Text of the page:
Person: Cochran, William Gemmell
William Cochran was a Scottish born mathematician who did much to promote statistics in the USA. He wrote a number of books which became statistics classics.
Mathematical Profile (Excerpt):
- Cochran won many prizes when at school, not only mathematics prizes and medals but also prizes in his other subjects.
- Cochran took the University of Glasgow Bursary Competition in 1927 and he was placed first.
- Cochran was accepted to study the mathematical tripos at St John's College Cambridge.
- Although Cochran was renowned as a very hard worker, he did find time at Cambridge to have other interests.
- Cochran was a Wrangler (First Class student) in the 1933 Mathematical Tripos and continued studying at Cambridge for a doctorate.
- The other 1934 paper The distribution of quadratic forms in a normal system, with applications to the analysis of covariance contains what today is known as "Cochran's Theorem".
- Cochran was offered the vacant post but he was still not finished his doctoral course at Cambridge.
- Cochran accepted the post at Rothamsted where he worked for five years on experimental designs and sample survey techniques.
- Cochran worked closely with me in their further development and in their application to the research problems of Rothamsted, and through our association with agronomic research workers in overseas dependencies to the problems of tropical agriculture.
- At Rothamsted, Cochran met Betty Irene May Mitchell (1910-2002) who was an entomologist.
- William Cochran sailed from Southampton to New York on the Normandie, departing 5 October 1938.
- Before leaving Britain, the Cochrans went to Glasgow to visit Cochran's relations.
- William and Betty Cochran sailed on the ship Montrose from Greenock, Scotland to Quebec, Canada departing on 26 August 1939.
- From autumn 1939, with a permanent position of professor at Ames, Iowa, Cochran's task was to develop the graduate programme in statistics within the Mathematics Department.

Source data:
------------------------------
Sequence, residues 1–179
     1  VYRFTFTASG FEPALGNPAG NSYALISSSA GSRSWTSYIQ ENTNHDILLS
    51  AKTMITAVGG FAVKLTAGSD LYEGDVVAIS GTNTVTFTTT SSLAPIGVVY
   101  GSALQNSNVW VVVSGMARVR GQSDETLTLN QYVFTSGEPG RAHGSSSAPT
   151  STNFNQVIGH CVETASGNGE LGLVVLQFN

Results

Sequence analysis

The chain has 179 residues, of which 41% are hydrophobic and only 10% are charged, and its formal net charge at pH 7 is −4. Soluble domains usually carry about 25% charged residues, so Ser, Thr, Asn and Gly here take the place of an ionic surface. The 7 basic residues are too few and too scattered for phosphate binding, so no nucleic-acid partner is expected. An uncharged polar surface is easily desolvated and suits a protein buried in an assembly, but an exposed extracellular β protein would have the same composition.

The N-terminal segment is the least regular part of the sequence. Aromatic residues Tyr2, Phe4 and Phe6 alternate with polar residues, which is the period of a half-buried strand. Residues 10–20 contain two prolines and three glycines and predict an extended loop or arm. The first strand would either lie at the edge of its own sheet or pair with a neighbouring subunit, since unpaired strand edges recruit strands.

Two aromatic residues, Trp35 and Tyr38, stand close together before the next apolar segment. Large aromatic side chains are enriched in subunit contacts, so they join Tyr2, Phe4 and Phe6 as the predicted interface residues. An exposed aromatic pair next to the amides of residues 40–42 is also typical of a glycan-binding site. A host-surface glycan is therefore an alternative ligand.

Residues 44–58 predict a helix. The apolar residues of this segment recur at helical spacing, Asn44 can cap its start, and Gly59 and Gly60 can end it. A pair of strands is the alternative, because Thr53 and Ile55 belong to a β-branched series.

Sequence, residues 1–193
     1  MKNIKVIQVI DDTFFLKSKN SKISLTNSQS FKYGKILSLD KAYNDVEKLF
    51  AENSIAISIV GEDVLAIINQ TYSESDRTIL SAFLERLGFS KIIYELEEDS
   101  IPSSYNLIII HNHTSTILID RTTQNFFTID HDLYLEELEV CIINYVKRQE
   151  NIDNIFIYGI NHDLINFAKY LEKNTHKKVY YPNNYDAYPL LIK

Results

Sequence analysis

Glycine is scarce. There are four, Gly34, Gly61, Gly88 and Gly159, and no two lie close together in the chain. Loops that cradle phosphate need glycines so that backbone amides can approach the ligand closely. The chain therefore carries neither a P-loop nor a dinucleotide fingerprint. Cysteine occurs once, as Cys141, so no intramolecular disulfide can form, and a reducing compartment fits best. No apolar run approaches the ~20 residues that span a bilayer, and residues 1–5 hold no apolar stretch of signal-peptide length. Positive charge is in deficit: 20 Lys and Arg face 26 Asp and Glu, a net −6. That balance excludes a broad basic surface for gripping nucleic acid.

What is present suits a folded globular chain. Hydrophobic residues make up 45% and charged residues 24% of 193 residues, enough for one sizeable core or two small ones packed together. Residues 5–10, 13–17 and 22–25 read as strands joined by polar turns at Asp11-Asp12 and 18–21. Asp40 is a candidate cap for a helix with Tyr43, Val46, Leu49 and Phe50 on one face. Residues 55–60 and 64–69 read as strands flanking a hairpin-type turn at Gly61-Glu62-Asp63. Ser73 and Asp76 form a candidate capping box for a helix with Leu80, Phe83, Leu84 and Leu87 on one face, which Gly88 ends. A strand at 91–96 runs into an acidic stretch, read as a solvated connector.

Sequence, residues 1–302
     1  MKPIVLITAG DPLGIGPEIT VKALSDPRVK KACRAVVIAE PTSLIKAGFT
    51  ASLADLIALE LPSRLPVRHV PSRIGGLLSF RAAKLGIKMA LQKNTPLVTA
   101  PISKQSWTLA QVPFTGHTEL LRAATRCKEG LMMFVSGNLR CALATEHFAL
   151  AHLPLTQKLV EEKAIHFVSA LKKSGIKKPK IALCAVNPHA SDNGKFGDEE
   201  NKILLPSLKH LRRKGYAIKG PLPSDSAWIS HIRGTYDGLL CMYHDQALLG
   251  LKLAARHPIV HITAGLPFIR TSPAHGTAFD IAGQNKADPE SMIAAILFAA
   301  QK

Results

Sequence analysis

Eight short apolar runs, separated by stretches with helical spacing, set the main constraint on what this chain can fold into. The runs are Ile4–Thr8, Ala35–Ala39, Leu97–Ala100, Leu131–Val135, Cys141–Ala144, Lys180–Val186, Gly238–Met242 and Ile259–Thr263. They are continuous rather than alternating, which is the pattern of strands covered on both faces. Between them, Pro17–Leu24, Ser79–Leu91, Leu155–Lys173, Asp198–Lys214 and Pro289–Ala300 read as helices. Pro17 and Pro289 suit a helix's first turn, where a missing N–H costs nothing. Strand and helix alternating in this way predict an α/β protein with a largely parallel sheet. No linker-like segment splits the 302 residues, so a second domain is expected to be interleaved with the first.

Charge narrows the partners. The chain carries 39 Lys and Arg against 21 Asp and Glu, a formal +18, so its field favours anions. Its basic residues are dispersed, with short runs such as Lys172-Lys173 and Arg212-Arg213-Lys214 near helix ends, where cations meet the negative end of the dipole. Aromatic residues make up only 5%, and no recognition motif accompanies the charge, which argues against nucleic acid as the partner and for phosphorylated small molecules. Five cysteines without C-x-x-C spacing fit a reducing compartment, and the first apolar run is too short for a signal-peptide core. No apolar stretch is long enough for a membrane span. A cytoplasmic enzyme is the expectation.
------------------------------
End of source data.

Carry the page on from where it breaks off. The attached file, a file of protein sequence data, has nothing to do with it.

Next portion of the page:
- In any event Cochran's Theorem was the solution to all my problems.
- In Yates' quote above, he writes of Cochran's collaboration with Gertrude Cox.
- In 1943 Cochran was seconded to Samuel Wilks' research team at Princeton where he was involved in war work examining probabilities of hits in naval warfare.
- Cochran was instrumental in persuading me to join the Princeton group.
- Cochran joined the newly created North Carolina Institute of Statistics in 1946, again to develop the graduate programme in statistics.
- While at North Carolina, Cochran was on the Organising Committee which set up the Biometric Society.
- From 1957 until he retired in 1976 Cochran was at Harvard.
- Cochran's books became classics and were widely used by scientists in many different disciplines.
- Cochran did much to promote statistics within the USA.
- Cochran received many honours and awards for his outstanding contributions.
Born 15 July 1909, Rutherglen, Scotland. Died 29 March 1980, Orleans, Massachusetts, USA.
View full biography at MacTutor
Tags relevant for this person:
Origin Scotland, Statistics
Adapted from other CC BY-SA 4.0 Sources:
- O’Connor, John J; Robertson, Edmund F: MacTutor History of Mathematics Archive